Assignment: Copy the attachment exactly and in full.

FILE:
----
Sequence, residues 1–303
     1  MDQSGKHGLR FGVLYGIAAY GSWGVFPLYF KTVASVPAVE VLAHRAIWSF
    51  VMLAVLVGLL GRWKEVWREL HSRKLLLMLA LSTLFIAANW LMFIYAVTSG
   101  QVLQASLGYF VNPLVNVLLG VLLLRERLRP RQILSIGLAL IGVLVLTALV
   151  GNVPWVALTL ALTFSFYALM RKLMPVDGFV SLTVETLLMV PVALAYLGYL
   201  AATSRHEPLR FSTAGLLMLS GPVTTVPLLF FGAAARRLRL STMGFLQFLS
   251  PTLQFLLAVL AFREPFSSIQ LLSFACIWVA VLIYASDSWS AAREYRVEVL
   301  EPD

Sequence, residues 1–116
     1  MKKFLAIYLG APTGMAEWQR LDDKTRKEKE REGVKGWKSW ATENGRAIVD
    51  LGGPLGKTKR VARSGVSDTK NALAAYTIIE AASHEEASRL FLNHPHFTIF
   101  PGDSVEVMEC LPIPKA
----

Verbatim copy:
Sequence, residues 1–303
     1  MDQSGKHGLR FGVLYGIAAY GSWGVFPLYF KTVASVPAVE VLAHRAIWSF
    51  VMLAVLVGLL GRWKEVWREL HSRKLLLMLA LSTLFIAANW LMFIYAVTSG
   101  QVLQASLGYF VNPLVNVLLG VLLLRERLRP RQILSIGLAL IGVLVLTALV
   151  GNVPWVALTL ALTFSFYALM RKLMPVDGFV SLTVETLLMV PVALAYLGYL
   201  AATSRHEPLR FSTAGLLMLS GPVTTVPLLF FGAAARRLRL STMGFLQFLS
   251  PTLQFLLAVL AFREPFSSIQ LLSFACIWVA VLIYASDSWS AAREYRVEVL
   301  EPD

Sequence, residues 1–116
     1  MKKFLAIYLG APTGMAEWQR LDDKTRKEKE REGVKGWKSW ATENGRAIVD
    51  LGGPLGKTKR VARSGVSDTK NALAAYTIIE AASHEEASRL FLNHPHFTIF
   101  PGDSVEVMEC LPIPKA